For convenience we will refer to the parties as designated in the district court unless occasion demands otherwise, that is, Leona Spencer as plaintiff, William Clayton Spencer, deceased, as the deceased, and Joseph O. Spencer as executor.

The assignments of error set forth by the executor, deemed pertinent to a determination of this appeal, and the assignments of error made by the guardian ad litem are substantially the same and may simply be stated as follows: The trial court erred in holding that the unmatured installments of alimony, nine in number, totaling $54,000, could be collected from the estate of the deceased and the minor defendants, there being no provision to this effect in the decree of divorce awarded to the plaintiff, and there being no statute in Nebraska so providing. The judgment and decree of the district court is contrary to the evidence and the law.

The pertinent assignment of error relating to the cross-appeal of the plaintiff may be stated as follows: The trial court erred in adjudging that the original judgment against the deceased for $200 a month for child support in accordance with the decision in Spencer v. Spencer, supra, and the trial court's judgment and decree on the mandate of this court did not survive the death of William Clayton Spencer, deceased.

We will take up the assignments of error in continuity.

All matters relating to divorce are purely statutory. The statutes of the different states in some particulars are different from those relating to the subject in this state. We look first to the law of *217 this state for a solution of the problems presented by this appeal.

The right of a wife to enforce a judgment for alimony and division of property is a clear vested right as will appear by the following applicable statutes.

Section 25-1301, R.R.S.1943, provides: "A `judgment' is the final determination of the rights of the parties in an action."

Section 42-319, R.R.S.1943, provides in part: "All judgments and orders for payment of alimony or of maintenance in actions of divorce or maintenance shall be liens upon property in like manner as in other actions, and may in the same manner be enforced and collected by executions and proceedings in aid thereof, * * *."

Section 42-323, R.R.S.1943, provides in part: "* * * Judgments and decrees for alimony or maintenance shall be liens upon the property of the husband, and may be enforced and collected in the same manner as other judgments of the court wherein they are rendered."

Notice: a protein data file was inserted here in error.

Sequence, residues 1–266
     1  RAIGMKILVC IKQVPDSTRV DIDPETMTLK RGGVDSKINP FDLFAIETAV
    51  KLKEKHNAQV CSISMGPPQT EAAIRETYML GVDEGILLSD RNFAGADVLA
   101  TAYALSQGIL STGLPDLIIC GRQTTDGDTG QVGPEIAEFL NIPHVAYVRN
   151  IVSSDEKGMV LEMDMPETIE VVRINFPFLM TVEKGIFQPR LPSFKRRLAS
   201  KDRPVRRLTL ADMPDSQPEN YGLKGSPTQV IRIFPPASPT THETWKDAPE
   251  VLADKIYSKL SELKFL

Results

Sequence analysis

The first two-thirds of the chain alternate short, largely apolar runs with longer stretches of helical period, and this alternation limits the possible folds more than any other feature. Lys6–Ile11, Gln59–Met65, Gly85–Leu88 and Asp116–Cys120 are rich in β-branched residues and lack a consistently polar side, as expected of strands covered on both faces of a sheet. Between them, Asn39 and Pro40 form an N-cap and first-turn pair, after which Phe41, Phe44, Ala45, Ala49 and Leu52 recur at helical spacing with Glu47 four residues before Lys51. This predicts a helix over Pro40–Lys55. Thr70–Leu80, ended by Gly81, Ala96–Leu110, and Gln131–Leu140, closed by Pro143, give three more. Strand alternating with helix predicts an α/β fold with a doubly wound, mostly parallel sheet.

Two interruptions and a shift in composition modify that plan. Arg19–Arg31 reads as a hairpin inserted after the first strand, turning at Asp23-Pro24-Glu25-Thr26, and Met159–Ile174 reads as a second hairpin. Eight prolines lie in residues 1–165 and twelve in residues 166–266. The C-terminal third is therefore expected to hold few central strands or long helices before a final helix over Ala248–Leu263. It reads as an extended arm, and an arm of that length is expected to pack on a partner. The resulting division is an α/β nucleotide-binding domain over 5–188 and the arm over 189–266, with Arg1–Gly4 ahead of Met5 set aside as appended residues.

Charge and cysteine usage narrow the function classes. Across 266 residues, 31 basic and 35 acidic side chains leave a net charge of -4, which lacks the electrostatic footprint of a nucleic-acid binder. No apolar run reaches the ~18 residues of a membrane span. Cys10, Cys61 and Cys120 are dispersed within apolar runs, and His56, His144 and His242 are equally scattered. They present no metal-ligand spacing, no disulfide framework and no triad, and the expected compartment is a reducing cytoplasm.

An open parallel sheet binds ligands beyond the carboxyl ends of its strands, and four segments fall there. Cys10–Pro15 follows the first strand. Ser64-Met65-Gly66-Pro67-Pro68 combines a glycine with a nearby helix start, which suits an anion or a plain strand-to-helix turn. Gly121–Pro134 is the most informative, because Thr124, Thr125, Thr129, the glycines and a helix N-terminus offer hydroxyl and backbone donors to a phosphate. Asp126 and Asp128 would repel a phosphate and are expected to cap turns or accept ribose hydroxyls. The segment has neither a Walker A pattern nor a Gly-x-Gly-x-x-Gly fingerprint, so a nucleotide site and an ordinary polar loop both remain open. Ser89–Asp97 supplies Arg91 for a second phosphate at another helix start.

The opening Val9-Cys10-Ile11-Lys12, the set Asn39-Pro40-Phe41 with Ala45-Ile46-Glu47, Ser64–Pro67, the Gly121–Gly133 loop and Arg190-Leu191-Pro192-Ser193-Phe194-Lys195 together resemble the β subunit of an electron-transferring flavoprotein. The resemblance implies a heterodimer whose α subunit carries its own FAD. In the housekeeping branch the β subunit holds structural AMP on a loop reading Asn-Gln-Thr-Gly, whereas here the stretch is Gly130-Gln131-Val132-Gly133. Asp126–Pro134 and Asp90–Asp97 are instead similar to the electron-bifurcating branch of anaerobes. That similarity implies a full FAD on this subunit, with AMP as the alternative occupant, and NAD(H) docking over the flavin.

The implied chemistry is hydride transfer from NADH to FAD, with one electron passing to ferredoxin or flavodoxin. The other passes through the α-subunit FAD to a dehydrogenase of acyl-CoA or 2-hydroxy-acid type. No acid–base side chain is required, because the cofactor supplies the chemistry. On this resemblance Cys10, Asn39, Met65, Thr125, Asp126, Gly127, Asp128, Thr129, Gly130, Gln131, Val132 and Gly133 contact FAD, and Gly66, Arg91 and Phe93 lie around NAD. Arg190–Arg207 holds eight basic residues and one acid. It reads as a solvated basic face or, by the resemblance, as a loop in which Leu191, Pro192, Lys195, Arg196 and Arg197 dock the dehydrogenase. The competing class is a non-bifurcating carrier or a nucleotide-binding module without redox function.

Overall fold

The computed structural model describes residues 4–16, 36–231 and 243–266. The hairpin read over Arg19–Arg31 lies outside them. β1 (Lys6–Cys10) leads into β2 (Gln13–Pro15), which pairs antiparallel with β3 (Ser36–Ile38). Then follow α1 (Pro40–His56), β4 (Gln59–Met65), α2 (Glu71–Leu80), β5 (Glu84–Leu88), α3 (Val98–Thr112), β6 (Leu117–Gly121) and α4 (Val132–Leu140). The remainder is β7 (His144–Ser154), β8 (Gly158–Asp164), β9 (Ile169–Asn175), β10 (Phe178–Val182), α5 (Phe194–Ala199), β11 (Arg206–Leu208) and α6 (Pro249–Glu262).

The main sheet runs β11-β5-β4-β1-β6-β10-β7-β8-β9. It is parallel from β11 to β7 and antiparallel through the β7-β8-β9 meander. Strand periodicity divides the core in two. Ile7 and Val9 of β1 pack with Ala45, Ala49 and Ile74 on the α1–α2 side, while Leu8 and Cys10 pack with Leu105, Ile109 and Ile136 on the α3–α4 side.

Section 42-340, R.R.S.1943, provides that unless proceedings are pending, the original decree shall at the expiration of six months become final without any further action of the court.

Section 25-2226, R.R.S.1943, construes the words "decree" and "judgment" as being synonymous terms.

In Nygren v. Nygren, 42 Neb. 408, 60 N.W. 885, the court said: "* * * the state legislature, in 1883, passed `An act to provide additional remedies for enforcement and collection of judgments and orders for alimony or maintenance.' Sections 1 and 2 of said act (the same being sections 4a, 4b, c. 25, Comp.St.1893) read as follows: * * *." Section 4a referred to in the opinion is substantially the same as section 42-319, R.R.S.1943. The court held: "Since the enactment of section 4a, c. 25, Comp.St., a decree for alimony is a lien upon real estate, the same as a judgment at law, and is enforceable in the same manner."

In Graham v. Graham, 135 Neb. 761, 284 N.W. 280, 283, it is said: "The alimony judgment is legislatively endowed with the same qualities as `other judgments,' and by the same authority may `be enforced and collected by * * * other action' as `other judgments' are."

The plaintiff in the instant action was the holder of a final judgment which could be enforced, insofar as the alimony is concerned, as set forth in the above-cited authorities and as indicated by the sections of the statutes heretofore cited.

With reference to the defendants' contention that the annual alimony award as decreed in Spencer v. Spencer, supra, does not survive the death of the former husband of the plaintiff, the defendants argue that the corresponding duty to make such payments being personal, the same are generally considered as terminating upon the death of either of the parties where no statute to the contrary exists and judgment and decree are silent on the subject, and that the same are not collectible by the plaintiff in the instant case.

In this connection our attention is called to Masters v. Masters, 155 Neb. 569, 52 N.W.2d 802. There is a clear distinction between the cited case and the instant case. In the Masters case the plaintiff, the divorced wife of the defendant, filed an application in the district court to revive a judgment entered in her favor in a divorce action. The second wife of the deceased defendant, as executrix of his estate, appeared specially, objecting to the jurisdiction of the court over the subject matter of the action. The district court sustained the special appearance of the executrix. This court affirmed the district court's judgment. At the time of the defendant's marriage to his second wife he had no property other than the income he received from his earnings from which he was obligated to pay the monthly installments *218 awarded in the divorce action. The judgment was not based upon an award of alimony in gross. The monthly installments of alimony were paid out of the husband's income. There was no provision in the court's decree fixing the total amount of alimony and no date of termination of such payments. Under such circumstances, in the absense of any disclosing intention, alimony for monthly support does not survive the death of the husband. In the instant case the judgment of this court definitely described the alimony payments and fixed the same in a definite amount, as well as the time of payment of the same, and when the payments would terminate.